Who doesn’t like potatoes? If there are some, they’re definitely part of a small minority. We all have our own favorite potato recipes and these Indian Pan Roasted Potatoes are one of ours. This recipe is pretty much like regular Pan Roasted Potatoes but these are a bit spicy. Yes, they’re beautifully crisp on the outside but melting tender and soft on the inside. You can make them with very few ingredients, most of which you’re likely to have in your pantry.
Potatoes are native to the Andes in South America. They came to Europe in the mid-17th century but Europeans did not take to the tuber. They were initially considered food fit for pigs or the poor! It was largely the effort of a Frenchman Antoine-Augustin Parmentier that paved the way for its acceptance as a healthy food.
Queen Marie Antoinette of France supposedly liked flowers of the potato plant so much she used to wear the in her hair! Her husband, Louis XVI, joined her by wearing them in his buttonhole!! The French aristocracy is supposed to have subscribed to fashion trend for a short period.
Cultures across the world eat potatoes and they’re very central to cooking in some of them. I should think any form of potatoes cooked till crisp is a favourite everywhere. We have a version of it in my native cuisine too. We pan roast potatoes with a minimal number of spices till soft and creamy on the outside but really crisp on the outside. I must mention that traditionally, we cook this without onion or garlic.
This dish is native to Tamilnadu and that’s where we have acquired it from. Indian Pan Roasted Potatoes is locally called Urulaikizhangu Varuval or Roast, or Urulaikizhangu Karakari. Urulaikizhangu is potato in Tamil and tends to be on the spicier side. This dish has regional variations and even there family recipes differ. Some recipes call for crushed black pepper instead of red chilli powder, or sambhar powder to season the potatoes. Others add a little chickpea flour (besan) for a crisper finish and flavour.
You can start the pan-frying with a tempering of mustard seeds and split black lentils (urad dal) but I prefer to make this more like a Mezhukkupuratti. I also like keeping it simple with the spices. There are some simple rules I keep to while cooking this recipe.
-Always use a cast iron skillet/ pan or a thick walled pan for really crisp potatoes. The pan keeps an even heat that allows slow roasting of the potatoes till really crisp without burning them.
-I always par boil the potatoes before I pan fry them. This ensures soft and crisp potatoes. It also means I’m not standing over them for a long time.
-I might be biased as I am from Kerala but I think that coconut oil works best with the potatoes here. You can use any oil of your choice.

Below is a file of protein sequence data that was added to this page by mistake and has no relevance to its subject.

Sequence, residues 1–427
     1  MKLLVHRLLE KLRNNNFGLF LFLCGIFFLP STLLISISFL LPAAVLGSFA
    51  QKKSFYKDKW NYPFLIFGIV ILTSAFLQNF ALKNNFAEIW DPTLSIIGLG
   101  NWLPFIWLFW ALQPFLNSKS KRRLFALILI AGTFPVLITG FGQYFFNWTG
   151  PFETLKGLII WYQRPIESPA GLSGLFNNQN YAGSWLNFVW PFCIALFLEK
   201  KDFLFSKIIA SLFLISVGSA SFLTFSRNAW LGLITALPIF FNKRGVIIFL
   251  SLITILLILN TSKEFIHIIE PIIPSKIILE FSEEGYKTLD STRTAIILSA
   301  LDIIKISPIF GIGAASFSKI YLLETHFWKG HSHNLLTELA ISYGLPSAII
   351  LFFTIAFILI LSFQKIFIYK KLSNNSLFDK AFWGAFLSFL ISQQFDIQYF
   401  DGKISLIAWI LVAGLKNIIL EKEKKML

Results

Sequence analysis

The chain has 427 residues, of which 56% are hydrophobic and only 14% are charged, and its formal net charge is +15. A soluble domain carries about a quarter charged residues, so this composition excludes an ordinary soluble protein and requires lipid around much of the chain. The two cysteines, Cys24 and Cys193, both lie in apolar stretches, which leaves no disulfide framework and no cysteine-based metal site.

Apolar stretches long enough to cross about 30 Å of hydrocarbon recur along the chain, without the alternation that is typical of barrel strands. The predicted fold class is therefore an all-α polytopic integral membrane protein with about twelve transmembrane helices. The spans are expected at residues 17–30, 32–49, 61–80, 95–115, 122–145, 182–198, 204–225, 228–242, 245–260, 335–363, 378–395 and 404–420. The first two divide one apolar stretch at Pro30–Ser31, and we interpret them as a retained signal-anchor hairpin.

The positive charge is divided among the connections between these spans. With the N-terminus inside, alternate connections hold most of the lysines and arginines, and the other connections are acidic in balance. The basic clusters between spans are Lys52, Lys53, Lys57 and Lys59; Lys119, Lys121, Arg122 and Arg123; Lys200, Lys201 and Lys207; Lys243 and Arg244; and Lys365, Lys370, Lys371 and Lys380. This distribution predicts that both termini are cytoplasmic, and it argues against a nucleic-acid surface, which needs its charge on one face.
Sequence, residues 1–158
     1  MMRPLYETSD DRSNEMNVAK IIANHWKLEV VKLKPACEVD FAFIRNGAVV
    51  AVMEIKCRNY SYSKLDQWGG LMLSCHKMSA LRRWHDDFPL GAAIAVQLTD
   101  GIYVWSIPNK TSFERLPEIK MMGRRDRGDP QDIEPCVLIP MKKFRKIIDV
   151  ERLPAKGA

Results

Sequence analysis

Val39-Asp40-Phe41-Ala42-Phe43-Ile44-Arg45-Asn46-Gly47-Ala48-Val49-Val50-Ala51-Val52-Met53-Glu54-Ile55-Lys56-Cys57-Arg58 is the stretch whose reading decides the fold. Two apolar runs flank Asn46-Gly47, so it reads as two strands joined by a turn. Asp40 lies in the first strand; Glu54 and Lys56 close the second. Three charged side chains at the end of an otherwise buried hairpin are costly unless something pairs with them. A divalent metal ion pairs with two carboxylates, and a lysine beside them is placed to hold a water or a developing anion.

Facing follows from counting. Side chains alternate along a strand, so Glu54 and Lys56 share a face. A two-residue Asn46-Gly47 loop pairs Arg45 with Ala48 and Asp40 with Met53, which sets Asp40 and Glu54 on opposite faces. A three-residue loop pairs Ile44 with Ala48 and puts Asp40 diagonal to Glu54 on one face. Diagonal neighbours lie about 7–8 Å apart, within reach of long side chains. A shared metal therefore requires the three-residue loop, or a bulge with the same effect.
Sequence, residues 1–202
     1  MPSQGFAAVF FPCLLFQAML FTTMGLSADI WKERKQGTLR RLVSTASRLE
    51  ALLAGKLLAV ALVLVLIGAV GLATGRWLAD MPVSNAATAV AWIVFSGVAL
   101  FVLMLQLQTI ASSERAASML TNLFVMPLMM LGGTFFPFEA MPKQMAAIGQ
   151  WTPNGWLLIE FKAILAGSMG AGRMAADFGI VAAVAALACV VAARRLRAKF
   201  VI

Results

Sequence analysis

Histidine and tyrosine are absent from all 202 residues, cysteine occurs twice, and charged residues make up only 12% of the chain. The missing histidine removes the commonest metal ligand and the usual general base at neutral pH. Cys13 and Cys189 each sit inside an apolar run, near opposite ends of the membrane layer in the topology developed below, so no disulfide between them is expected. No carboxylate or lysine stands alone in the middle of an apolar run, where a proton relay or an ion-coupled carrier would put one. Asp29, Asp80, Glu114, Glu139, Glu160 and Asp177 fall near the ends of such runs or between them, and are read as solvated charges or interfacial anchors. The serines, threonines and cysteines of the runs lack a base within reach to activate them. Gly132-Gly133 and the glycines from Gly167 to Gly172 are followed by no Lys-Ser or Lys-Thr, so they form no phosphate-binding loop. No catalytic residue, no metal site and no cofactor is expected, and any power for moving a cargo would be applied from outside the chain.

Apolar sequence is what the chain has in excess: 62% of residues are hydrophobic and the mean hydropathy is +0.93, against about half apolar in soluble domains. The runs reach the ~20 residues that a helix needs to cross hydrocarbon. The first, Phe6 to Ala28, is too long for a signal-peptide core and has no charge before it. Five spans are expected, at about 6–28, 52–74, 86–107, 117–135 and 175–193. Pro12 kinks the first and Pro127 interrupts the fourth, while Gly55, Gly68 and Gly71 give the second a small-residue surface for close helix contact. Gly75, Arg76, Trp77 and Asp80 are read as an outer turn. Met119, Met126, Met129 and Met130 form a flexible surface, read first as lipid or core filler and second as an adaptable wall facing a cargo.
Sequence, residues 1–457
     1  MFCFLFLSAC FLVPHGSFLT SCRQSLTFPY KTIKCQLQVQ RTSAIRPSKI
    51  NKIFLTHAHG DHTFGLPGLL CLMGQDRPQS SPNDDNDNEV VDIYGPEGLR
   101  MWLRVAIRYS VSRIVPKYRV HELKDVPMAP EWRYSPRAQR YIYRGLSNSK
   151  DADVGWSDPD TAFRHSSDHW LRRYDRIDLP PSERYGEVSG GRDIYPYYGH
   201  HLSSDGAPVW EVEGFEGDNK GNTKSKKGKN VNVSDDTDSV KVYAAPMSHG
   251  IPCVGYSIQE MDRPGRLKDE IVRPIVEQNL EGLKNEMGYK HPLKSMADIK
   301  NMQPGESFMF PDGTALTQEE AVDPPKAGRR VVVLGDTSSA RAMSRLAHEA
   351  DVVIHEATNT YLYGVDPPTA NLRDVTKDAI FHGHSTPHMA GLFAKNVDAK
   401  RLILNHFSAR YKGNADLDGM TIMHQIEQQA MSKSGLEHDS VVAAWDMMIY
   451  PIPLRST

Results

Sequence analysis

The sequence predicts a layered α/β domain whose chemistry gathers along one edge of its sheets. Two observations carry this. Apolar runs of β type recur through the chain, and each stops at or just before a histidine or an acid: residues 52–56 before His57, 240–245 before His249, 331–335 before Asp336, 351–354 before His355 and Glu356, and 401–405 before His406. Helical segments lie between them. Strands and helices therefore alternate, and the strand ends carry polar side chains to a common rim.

-For spices, I stick to turmeric and red chilli powders, asafoetida and salt. That’s it. You can add a tsp of cumin powder as well. I sometimes add sesame seeds to the potatoes. Leave the cumin powder out if adding sesame seeds.
-Add a handful of curry leaves to make this dish extra special.
Serve these potatoes hot as a side dish with rice and Sambhar or Morkootan or chappathis. I personally like making a meal of just these potatoes and finishing off with a bowl of thick plain home made yogurt.
Indian Pan Roasted Potatoes
- 1/2 kg potatoes
- 2 tbsp oil
- 1/4 tsp turmeric powder
- 1 tsp red chilli powder
- 1/4 tsp asafoetida
- Salt to taste
- 2 sprigs curry leaves
- 1 1/2 tbsp sesame seeds optional
- Peel the potatoes and cut them into medium sized cubes. Boil them in a pan of well salted water till they’re still firm but just fork tender. They should not be falling apart. Drain well and keep aside.
- Once the potatoes have drained really well, add the turmeric and red chilli powders and more salt if needed. Toss the potatoes till they’re uniformly coated.
- Heat the oil in a cast iron skillet or pan. Add the curry leaves. Then add the asafoetida powder and immediately add the tossed potatoes. Do not allow the asafoetida to burn. Stir or toss the potatoes in the oil so they’re well coated.
- Let them cook over low to middle heat until the potatoes are brown and crisp, turning them over every now and then. If using sesame seeds, add them once the potatoes are almost done. This way the sesame seeds will brown but not burn.
- Serve hot as a side dish with an Indian meal of rice with Sambhar or Morkootan or chappathis. I personally like making a meal of just these potatoes and finishing off with a bowl of thick plain home made yogurt.